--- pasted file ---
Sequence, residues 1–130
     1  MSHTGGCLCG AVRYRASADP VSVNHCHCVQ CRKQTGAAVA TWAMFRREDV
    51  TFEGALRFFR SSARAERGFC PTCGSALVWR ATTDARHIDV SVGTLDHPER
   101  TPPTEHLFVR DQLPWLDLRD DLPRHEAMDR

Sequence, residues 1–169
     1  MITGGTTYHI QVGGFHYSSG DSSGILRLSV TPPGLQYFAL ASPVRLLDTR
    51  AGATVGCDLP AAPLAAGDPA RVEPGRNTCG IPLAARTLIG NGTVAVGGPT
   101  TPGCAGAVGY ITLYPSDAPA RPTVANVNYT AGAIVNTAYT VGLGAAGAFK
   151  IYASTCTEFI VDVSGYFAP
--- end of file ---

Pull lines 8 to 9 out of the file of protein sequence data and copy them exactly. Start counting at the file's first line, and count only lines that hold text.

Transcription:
   101  TPGCAGAVGY ITLYPSDAPA RPTVANVNYT AGAIVNTAYT VGLGAAGAFK
   151  IYASTCTEFI VDVSGYFAP